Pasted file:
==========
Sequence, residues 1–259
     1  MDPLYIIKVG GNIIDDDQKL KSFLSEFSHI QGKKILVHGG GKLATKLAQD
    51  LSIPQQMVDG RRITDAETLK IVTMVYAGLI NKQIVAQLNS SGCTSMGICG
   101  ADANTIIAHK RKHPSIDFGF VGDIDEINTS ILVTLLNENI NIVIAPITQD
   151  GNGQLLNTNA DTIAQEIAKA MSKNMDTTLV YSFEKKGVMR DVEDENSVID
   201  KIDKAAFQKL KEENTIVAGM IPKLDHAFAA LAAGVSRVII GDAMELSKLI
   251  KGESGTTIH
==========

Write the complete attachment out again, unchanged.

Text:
Sequence, residues 1–259
     1  MDPLYIIKVG GNIIDDDQKL KSFLSEFSHI QGKKILVHGG GKLATKLAQD
    51  LSIPQQMVDG RRITDAETLK IVTMVYAGLI NKQIVAQLNS SGCTSMGICG
   101  ADANTIIAHK RKHPSIDFGF VGDIDEINTS ILVTLLNENI NIVIAPITQD
   151  GNGQLLNTNA DTIAQEIAKA MSKNMDTTLV YSFEKKGVMR DVEDENSVID
   201  KIDKAAFQKL KEENTIVAGM IPKLDHAFAA LAAGVSRVII GDAMELSKLI
   251  KGESGTTIH